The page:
At Fifer Law Office, our attorneys are extremely experienced in crafting defense strategies for people facing drunk driving charges. FindLaw notes that in Indiana, drunk driving is known as operating a vehicle while intoxicated.

Here is what you need to know about OWI in Indiana.

The law

If law enforcement determines that your blood alcohol content is 0.08%, then you may receive an OWI charge. However, if you are under the age of 21, then Indiana’s zero tolerance law reduces the legal BAC level to 0.02%. Even one drink may raise a BAC level above that amount.

The penalties

A number of factors affect the penalties, including the following:

  • BAC level
  • Previous convictions
  • Presence of young passengers in the vehicle
  • Crash involving serious or fatal injuries

If your BAC level is between 0.08% and 0.15%, you could face a class C misdemeanor with possible fines up to $500 and as many as 60 days in jail. However, if your BAC level is 0.15% or higher, then your conviction is a class A misdemeanor, which could result in a year in jail and as much as $5,000 in fines.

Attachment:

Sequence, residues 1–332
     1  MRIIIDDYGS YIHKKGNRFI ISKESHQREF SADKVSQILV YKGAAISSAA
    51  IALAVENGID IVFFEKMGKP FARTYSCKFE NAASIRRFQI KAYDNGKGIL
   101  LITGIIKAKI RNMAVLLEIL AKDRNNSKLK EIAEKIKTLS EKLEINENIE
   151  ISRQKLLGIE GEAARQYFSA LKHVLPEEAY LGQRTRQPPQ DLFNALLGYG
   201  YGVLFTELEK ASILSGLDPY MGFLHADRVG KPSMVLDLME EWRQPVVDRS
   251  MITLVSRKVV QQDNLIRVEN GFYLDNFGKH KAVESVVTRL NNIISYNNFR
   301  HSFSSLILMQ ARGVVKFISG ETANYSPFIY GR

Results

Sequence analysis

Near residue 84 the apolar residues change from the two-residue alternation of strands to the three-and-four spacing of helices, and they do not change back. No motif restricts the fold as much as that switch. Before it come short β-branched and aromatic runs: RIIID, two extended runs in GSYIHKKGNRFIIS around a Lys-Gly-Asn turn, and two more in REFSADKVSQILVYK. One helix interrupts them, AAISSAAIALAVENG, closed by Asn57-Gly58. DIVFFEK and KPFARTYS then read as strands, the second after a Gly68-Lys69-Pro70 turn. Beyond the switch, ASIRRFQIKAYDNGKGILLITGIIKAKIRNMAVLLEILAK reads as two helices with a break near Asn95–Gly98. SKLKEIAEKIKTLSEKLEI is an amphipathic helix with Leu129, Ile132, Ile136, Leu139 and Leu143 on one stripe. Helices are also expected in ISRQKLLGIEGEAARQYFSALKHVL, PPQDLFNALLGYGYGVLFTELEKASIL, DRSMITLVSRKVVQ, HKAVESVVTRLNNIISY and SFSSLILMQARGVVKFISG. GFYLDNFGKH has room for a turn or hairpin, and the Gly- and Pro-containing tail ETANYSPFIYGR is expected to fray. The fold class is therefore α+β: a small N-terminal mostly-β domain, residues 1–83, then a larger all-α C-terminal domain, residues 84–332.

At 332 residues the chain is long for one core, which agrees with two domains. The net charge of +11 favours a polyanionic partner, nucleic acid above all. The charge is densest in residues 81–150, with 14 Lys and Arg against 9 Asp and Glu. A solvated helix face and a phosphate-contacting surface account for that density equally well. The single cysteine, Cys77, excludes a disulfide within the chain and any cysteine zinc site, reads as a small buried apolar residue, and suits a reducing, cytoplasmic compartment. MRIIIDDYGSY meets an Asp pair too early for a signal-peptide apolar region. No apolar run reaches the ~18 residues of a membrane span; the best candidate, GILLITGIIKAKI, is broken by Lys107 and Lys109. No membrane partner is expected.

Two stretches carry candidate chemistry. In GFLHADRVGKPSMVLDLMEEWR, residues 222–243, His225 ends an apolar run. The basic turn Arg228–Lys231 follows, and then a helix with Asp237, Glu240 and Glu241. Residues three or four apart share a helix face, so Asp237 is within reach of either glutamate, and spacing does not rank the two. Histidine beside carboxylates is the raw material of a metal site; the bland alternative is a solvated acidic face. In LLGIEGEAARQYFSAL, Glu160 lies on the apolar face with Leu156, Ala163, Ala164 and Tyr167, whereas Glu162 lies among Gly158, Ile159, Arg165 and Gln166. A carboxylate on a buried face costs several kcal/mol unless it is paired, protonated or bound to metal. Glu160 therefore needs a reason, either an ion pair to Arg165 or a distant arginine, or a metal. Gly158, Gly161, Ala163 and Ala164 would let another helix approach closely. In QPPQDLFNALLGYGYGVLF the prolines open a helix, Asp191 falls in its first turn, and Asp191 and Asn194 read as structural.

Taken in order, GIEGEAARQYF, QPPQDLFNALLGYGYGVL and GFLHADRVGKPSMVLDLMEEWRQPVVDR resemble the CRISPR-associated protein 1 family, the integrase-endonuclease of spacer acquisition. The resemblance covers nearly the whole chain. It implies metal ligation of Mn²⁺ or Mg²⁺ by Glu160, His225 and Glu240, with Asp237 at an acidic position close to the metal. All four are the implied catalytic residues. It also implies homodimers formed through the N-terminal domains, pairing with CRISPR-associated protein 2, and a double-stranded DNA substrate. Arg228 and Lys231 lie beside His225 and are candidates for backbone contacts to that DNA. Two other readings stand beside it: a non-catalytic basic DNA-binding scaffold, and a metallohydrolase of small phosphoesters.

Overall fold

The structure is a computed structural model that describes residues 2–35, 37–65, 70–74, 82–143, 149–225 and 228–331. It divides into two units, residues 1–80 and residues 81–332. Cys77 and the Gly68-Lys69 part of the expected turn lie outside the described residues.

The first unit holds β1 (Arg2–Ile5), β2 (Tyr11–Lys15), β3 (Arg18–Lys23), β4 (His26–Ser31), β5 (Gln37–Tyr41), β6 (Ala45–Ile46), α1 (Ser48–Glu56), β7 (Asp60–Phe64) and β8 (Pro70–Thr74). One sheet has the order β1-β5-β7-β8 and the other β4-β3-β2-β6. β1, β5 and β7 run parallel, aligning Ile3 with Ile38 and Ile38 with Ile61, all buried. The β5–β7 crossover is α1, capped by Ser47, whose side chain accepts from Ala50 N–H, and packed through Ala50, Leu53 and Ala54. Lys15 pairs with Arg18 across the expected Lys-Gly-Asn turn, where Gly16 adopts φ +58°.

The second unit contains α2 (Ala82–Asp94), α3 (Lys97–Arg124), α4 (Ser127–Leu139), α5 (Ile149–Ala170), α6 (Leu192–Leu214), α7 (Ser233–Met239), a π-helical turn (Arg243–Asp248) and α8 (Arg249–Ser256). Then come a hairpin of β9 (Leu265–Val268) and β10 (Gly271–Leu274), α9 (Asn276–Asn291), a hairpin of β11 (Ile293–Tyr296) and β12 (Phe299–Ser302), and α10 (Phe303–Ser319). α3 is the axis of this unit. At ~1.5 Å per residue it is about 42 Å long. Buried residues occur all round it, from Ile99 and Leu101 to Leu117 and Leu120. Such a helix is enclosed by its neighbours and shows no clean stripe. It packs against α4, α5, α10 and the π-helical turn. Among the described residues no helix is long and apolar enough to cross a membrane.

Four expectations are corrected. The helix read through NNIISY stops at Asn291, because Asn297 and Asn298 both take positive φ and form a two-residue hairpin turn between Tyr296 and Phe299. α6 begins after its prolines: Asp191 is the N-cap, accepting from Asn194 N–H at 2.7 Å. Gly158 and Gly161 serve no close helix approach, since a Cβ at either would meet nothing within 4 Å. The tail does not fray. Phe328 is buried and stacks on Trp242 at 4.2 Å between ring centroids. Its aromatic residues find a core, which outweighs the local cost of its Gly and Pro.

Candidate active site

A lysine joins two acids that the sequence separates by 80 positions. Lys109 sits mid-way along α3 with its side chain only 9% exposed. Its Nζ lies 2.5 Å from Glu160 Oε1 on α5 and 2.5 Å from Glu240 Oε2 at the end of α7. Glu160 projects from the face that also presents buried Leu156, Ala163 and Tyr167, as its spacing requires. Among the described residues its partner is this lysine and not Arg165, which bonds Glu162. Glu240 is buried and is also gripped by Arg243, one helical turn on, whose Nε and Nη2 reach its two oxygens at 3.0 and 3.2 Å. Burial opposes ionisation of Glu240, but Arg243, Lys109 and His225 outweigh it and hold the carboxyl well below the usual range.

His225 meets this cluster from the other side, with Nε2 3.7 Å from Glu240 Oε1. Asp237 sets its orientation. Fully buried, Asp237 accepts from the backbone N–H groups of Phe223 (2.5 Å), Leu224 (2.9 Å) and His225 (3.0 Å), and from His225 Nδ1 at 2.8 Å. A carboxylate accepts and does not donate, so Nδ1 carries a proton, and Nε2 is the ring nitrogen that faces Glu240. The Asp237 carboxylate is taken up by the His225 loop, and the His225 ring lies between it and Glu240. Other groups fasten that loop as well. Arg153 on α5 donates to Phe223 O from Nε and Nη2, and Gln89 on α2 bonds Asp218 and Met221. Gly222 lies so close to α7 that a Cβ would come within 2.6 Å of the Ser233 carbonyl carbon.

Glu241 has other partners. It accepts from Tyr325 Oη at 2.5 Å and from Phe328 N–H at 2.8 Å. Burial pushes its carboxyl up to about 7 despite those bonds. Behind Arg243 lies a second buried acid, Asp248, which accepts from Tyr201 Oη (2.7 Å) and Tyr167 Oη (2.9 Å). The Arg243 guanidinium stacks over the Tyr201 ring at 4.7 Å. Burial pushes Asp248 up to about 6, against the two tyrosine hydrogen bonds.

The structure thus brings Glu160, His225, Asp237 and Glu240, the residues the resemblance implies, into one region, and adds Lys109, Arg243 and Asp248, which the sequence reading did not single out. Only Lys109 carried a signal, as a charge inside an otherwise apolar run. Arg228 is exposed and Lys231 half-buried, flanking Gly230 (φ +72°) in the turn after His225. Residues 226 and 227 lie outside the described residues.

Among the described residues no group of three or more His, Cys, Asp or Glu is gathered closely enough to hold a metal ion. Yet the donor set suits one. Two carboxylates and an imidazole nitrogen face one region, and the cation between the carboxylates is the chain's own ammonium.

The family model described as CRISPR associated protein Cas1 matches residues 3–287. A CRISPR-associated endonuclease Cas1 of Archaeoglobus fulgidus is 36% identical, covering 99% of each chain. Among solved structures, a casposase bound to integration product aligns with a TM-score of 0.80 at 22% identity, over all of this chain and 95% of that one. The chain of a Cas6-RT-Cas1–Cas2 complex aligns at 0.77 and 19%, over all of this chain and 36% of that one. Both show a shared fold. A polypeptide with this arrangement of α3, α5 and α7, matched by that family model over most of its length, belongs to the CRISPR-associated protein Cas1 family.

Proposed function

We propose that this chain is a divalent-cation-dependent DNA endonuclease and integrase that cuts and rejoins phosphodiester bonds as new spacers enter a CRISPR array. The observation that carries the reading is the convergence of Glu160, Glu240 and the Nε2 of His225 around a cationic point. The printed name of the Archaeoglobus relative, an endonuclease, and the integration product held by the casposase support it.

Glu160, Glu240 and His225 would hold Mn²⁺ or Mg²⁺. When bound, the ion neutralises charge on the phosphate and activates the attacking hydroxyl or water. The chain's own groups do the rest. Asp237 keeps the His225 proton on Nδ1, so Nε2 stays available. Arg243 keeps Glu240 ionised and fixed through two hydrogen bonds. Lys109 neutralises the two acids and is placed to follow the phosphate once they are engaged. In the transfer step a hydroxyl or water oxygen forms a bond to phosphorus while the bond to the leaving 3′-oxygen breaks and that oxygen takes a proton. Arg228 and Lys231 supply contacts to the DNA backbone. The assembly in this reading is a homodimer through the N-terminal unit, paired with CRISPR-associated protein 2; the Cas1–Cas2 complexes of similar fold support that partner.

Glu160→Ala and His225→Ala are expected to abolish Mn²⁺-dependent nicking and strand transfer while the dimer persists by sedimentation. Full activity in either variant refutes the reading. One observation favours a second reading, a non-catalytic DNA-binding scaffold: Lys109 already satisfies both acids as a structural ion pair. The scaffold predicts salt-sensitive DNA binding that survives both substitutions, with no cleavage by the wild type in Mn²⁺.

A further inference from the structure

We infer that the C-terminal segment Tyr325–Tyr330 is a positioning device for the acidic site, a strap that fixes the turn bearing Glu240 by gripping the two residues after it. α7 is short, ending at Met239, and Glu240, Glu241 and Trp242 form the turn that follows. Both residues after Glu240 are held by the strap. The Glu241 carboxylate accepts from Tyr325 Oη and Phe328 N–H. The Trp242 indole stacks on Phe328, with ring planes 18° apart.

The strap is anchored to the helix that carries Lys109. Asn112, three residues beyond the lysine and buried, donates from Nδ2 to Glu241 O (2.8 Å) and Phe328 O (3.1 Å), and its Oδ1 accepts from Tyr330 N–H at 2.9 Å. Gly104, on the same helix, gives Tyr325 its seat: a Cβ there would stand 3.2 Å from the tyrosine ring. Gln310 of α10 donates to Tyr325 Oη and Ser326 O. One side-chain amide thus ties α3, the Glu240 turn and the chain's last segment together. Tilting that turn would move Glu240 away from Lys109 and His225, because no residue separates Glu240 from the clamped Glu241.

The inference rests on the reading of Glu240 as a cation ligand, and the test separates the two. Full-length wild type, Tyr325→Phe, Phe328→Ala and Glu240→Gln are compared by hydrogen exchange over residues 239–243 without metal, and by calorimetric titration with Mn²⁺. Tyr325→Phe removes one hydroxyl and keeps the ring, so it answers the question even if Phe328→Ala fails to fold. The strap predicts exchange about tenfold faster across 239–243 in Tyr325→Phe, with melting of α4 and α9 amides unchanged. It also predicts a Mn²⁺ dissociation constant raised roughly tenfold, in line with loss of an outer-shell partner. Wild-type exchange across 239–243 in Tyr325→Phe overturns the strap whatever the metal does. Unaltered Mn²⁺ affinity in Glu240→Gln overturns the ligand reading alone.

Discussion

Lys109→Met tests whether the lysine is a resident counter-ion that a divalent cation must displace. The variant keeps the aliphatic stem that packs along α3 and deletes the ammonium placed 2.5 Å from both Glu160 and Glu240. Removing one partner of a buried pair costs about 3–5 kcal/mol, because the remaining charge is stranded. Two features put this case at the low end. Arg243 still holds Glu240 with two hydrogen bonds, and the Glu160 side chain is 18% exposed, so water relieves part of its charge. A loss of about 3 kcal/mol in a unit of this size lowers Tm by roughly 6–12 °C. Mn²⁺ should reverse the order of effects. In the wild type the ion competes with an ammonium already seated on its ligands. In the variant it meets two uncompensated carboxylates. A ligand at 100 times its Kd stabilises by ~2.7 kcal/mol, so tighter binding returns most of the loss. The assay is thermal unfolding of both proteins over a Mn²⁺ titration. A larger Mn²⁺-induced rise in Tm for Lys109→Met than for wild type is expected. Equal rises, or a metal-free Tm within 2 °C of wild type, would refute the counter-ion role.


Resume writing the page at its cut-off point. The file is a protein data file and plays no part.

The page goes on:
Having someone under the age of 18 in the vehicle with you when you are legally intoxicated is a level 6 felony if you are at least 21. It is also a level 6 felony if this is your second OWI within five years, or if you cause a serious injury or fatally injure a law enforcement animal. Your penalties could include six months to 2.5 years in jail and as much as $10,000 in fines.

A second OWI after a first OWI that causes a serious or fatal injury is automatically a level 5 felony; conversely, a second OWI that causes a serious or fatal injury is a level 5 felony even if the first one did not cause any injuries. This may result in a prison sentence of one to six years and as much as $10,000 in fines.

If a fatal injury crash is a second OWI incident within five years, if you were driving with a suspended license when it happened or your BAC level was at least 0.15% when it happened, then your conviction may be a level 4 felony. This could lead to two to 12 years in prison and $10,000 in fines.

More information about OWI convictions is available on our webpage.